EmailSettings *EmailSettings `json:"email_settings"`
    type EmailSettings struct {
      SMTPHost string `json:"smtp_host"`
      SMTPPort int    `json:"smtp_port"`

    Then within the env var we can just put a JSON object:

    # It should be noted that this isn't a very good example as it can be well represented by env vars but the general idea stands.
    export TESTBED_EXTENSION_SETTINGS="{'email_settings': {'smtp_host': '', 'smtp_port': 587}}"

Handling secrets poses a unique challenge, as they cannot be managed in the same manner as other configuration data due to their sensitive nature. However, Astra integrates secrets management seamlessly, ensuring they are as accessible as other configurations without sacrificing security.

For an introduction to managing secrets with Astra, refer to the guide on using Astra for secret management.

Astra simplifies the process of updating secrets by assigning a new identifier to each updated secret. This approach allows for straightforward updates and the ability to revert to a previous version if necessary.

🪧 I wont give you the security wag of the finger here, but it's important to remember that these are secrets and they're only as good as their weakest link. Be careful about how you treat and share them.

Required: Using Terraform for Out of Astra Infrastructure Changes

While Astra endeavors to fulfill a broad range of infrastructure requirements, it acknowledges the impossibility of catering to every possible need. As such, you may find yourself seeking to customize or exert more control over your infrastructure.

Astra facilitates this by exporting its operations to Terraform configurations, allowing for modifications as per your preferences.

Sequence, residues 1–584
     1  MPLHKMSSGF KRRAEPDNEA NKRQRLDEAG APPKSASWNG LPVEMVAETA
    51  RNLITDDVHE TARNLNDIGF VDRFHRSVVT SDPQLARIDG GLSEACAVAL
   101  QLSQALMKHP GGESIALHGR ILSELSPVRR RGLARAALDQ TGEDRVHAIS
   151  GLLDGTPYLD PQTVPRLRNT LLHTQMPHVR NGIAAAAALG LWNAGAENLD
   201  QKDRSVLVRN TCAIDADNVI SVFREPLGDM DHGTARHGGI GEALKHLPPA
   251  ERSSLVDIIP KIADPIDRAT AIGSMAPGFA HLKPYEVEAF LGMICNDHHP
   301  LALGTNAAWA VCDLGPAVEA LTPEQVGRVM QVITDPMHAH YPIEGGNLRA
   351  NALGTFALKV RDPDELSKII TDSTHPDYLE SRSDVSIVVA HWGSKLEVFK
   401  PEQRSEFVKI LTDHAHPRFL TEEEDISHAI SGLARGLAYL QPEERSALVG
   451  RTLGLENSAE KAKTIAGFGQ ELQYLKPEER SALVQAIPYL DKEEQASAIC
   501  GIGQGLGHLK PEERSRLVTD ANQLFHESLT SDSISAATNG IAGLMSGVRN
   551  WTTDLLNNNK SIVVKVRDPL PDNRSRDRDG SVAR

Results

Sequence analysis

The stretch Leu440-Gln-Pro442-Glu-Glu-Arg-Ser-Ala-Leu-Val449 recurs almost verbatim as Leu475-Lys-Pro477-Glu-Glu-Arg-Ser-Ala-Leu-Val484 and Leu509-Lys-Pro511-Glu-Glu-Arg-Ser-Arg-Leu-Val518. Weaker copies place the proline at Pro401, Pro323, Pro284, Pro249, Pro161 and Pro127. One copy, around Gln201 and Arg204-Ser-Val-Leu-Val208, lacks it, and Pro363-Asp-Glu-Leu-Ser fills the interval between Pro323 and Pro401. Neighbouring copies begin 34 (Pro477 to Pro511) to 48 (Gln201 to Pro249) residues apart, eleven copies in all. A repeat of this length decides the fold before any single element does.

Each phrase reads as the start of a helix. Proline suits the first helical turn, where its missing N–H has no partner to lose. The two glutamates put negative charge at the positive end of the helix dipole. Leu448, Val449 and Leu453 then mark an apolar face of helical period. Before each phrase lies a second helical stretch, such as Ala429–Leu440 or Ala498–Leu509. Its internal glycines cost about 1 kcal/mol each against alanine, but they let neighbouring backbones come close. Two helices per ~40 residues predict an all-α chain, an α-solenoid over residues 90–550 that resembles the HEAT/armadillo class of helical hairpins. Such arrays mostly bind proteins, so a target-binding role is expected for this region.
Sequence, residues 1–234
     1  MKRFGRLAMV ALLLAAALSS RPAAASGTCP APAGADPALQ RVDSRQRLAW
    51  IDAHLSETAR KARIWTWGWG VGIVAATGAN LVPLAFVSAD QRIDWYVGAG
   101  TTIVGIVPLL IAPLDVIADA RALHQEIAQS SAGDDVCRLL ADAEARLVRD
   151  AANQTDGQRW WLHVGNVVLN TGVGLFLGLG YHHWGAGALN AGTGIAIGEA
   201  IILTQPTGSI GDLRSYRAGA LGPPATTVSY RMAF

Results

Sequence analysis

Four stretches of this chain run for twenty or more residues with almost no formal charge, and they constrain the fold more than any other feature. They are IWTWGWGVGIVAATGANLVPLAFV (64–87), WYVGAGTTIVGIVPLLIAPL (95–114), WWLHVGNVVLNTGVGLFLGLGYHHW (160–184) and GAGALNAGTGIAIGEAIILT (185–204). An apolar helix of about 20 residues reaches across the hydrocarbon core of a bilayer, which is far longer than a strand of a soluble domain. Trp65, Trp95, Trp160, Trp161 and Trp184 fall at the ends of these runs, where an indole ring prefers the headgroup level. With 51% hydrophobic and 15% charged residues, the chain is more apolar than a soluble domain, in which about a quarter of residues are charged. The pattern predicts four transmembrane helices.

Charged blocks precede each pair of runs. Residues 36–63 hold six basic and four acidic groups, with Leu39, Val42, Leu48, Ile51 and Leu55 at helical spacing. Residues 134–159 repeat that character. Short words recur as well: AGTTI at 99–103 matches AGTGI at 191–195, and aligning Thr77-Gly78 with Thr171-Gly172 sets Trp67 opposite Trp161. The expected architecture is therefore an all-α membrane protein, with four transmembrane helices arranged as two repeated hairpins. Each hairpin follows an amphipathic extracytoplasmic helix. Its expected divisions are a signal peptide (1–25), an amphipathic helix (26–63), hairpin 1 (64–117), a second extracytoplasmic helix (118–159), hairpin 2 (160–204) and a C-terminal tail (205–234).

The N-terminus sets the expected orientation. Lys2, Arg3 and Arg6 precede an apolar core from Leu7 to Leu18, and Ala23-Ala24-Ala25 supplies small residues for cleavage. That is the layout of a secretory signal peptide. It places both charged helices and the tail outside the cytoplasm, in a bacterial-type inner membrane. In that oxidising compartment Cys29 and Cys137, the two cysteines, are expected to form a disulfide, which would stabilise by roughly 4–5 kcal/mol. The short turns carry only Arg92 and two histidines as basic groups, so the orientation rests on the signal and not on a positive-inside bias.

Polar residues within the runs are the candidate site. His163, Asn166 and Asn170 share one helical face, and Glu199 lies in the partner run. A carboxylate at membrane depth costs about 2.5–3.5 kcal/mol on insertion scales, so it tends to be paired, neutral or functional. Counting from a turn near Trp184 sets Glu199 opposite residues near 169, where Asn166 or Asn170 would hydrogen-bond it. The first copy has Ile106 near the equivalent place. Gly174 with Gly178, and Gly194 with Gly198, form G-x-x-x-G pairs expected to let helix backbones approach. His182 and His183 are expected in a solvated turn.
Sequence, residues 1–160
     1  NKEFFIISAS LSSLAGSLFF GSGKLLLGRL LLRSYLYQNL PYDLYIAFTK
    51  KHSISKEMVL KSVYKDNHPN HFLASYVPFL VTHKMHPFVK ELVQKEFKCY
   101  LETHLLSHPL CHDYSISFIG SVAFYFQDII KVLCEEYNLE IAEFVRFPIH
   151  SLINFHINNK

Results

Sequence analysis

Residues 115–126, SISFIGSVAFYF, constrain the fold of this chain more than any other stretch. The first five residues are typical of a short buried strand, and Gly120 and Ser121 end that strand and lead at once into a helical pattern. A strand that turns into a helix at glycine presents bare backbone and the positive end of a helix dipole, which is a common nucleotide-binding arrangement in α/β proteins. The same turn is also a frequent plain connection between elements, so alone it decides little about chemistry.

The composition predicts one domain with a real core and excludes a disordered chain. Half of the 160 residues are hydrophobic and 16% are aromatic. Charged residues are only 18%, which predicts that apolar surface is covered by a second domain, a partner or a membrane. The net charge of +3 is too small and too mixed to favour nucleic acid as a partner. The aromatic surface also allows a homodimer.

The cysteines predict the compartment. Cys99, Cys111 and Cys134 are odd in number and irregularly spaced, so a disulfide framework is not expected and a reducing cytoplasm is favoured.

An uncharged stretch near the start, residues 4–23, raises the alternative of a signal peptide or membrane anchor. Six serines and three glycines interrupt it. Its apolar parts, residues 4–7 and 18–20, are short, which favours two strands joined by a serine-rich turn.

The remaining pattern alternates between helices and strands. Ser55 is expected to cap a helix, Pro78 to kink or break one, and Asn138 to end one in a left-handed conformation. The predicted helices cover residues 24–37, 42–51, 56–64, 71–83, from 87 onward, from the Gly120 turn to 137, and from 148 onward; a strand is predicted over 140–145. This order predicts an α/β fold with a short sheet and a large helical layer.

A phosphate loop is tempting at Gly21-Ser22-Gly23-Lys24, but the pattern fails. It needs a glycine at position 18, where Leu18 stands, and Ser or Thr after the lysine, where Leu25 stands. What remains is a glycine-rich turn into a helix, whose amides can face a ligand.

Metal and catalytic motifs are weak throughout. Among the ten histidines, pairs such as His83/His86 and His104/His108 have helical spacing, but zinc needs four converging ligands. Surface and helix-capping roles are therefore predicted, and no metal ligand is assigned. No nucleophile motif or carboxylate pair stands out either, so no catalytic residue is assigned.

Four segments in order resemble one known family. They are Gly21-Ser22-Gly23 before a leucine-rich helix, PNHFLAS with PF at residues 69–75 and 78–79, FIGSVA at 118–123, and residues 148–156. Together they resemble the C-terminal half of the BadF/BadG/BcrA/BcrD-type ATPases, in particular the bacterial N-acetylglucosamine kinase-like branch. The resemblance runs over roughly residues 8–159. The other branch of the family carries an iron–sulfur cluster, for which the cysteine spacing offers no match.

The recommended approach involves treating your Terraform files with the same rigor as application code. Early in your startup's lifecycle, adhere to a straightforward workflow of:

approve -> apply -> merge
  • Approve: Run any changes to your Terraform through the normal software review process. Create a PR, get it reviewed, the works.
  • Apply: Once approved, communicate with your team you're about to apply your changes and then run terraform plan to verify they are indeed the changes you would like to run. After you're convinced you have the correct changes run terraform apply, check again, and hit the big red button!
  • Merge: Finally merge the pull request so your changes are immortalized in git's history.

🪧 You can find additional Terraform Best Practices here.

Suggested: Keep database migrations simple

Database migrations can be daunting since touching your database with any schema change can result in bad things.

I've had success with the following process:

  • Utilize a Migration Library: Choose a migration library that seamlessly integrates into your development workflow. While some libraries offer command-line interfaces (CLIs), prioritizing simplicity is key. Opt for libraries that can be directly incorporated into your codebase, reducing the need for additional management overhead.

  • Automate Migrations at Application Startup: Implement your migration process as an integral part of your application's startup routine. This approach ensures that migrations are executed consistently and are version-controlled within the same repository as your application code, adhering to standard coding practices. Such integration simplifies the deployment process and ensures that migrations are consistently applied across environments.

  • Prefer Rolling Forward: Migration tools typically support both forward ("up") and backward ("down") migrations. While having the option to revert changes ("down") is valuable, it's advisable to focus on rolling forward in case of issues. If a migration introduces a problem, address it by applying a new "up" migration. This strategy maintains the integrity of the migration path, ensuring a clear and linear history of database schema changes, and facilitates easier understanding of the database's evolutionary path.